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3 and 36 months

English translation: common

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07:53 Jun 21, 2005
English to English translations [PRO]
Medical - Medical: Instruments / Implantable contact lens
English term or phrase: 3 and 36 months
As outlined above, 0% of eyes experienced worse than 20/40 BSCVA at any point in time during the study follow-up period between 3 and 36 months.
I think here ¡°3 and 36 months¡± means the third and the 36th months, or month 3 and month 36. It has puzzled me why it is written this way. I also see this kind of expression in other medical documents. Is it a regular way to use this kind of jargon in writing medical patents etc.?

TIA!!!
Jianming Sun
Local time: 13:32
English translation:common
Explanation:
Probably to avoid having to write "3 months and 3 years", but yes, it's common. As an ENS, I find nothing particularly odd about it, especially as it is from a medical report - medical language can often be relied on to be slightly (!) different from that used by the man in the street.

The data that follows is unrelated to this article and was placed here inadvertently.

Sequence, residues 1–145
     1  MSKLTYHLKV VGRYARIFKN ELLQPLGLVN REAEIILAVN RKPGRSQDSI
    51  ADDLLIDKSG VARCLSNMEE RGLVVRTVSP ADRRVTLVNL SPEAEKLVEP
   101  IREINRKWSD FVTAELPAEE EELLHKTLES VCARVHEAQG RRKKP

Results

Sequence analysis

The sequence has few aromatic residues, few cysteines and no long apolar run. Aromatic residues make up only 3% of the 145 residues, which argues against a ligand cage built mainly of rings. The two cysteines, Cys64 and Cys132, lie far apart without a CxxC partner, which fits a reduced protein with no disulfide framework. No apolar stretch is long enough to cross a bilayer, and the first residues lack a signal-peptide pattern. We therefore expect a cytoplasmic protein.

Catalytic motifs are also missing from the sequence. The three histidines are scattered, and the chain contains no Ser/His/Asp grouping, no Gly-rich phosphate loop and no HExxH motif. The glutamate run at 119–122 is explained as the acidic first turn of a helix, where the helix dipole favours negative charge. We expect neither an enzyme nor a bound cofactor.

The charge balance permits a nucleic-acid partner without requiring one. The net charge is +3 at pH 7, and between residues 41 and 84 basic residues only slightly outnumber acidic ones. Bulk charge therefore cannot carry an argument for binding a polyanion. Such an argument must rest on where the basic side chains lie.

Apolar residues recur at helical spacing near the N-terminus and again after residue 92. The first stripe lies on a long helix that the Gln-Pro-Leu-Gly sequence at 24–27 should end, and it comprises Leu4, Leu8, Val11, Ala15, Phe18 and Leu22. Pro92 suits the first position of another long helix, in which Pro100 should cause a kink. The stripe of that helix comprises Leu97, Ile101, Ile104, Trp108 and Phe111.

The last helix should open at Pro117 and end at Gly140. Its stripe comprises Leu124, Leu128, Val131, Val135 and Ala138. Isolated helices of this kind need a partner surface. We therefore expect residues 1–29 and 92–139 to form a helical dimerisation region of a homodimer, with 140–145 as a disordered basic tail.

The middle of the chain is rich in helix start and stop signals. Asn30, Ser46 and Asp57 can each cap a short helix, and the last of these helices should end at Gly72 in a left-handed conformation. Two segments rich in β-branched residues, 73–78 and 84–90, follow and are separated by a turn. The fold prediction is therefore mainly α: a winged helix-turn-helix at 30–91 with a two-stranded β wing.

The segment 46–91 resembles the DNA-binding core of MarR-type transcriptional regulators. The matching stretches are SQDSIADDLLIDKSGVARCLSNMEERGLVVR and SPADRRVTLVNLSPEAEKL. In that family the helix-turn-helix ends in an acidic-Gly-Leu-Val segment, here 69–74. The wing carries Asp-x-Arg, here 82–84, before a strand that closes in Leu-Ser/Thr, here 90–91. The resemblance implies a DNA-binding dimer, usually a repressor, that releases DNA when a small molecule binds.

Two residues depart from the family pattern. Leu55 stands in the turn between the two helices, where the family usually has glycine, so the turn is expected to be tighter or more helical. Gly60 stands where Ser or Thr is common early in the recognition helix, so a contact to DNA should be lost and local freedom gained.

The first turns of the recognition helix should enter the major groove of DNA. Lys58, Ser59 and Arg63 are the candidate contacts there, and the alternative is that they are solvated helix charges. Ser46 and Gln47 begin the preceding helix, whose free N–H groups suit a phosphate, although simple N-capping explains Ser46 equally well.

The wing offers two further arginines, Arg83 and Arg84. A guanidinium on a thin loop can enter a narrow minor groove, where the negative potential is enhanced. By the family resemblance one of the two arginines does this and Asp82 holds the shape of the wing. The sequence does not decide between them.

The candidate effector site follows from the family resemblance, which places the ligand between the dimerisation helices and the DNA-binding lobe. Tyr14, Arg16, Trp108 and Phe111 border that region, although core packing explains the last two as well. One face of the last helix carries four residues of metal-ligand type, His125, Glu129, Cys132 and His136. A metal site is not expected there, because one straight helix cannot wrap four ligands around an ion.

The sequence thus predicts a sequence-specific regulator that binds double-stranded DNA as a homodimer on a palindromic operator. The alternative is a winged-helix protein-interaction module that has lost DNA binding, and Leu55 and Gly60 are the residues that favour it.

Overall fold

Selected response from:

David Moore
Local time: 07:32
Grading comment
Thanks!
4 KudoZ points were awarded for this answer

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Summary of answers provided
4 +9commonDavid Moore


Discussion entries: 2





  

Answers


10 mins   confidence: Answerer confidence 4/5Answerer confidence 4/5 peer agreement (net): +9
common


Explanation:
Probably to avoid having to write "3 months and 3 years", but yes, it's common. As an ENS, I find nothing particularly odd about it, especially as it is from a medical report - medical language can often be relied on to be slightly (!) different from that used by the man in the street.

David Moore
Local time: 07:32
Native speaker of: Native in EnglishEnglish
PRO pts in category: 4
Grading comment
Thanks!

Peer comments on this answer (and responses from the answerer)
agree  Ken Cox: Yes, very common usage. IMO it is style, not jargon, and 'between 3 and 36 months' is generally considered to be much better style in technical writing than 'between 3 months and 3 years' (because it maintains the same units).
35 mins

agree  Ian M-H: Kenneth's right about consistency. It's also to do with precision: 36 months implies less leeway than 3 years. Interestingly, 36 months is usually the upper limit - for a longer period the text would almost certainly have used years.
53 mins

agree  Elizabeth Rudin
1 hr

agree  Vicky Papaprodromou
2 hrs

agree  airmailrpl: - this AENS agrees
2 hrs

agree  Rachel Fell: and agree with Ian's comments (and Kenneth's)
3 hrs

agree  Angela Dickson
7 hrs

agree  Saleh Chowdhury, Ph.D.
8 hrs

agree  xxxAlfa Trans
10 hrs
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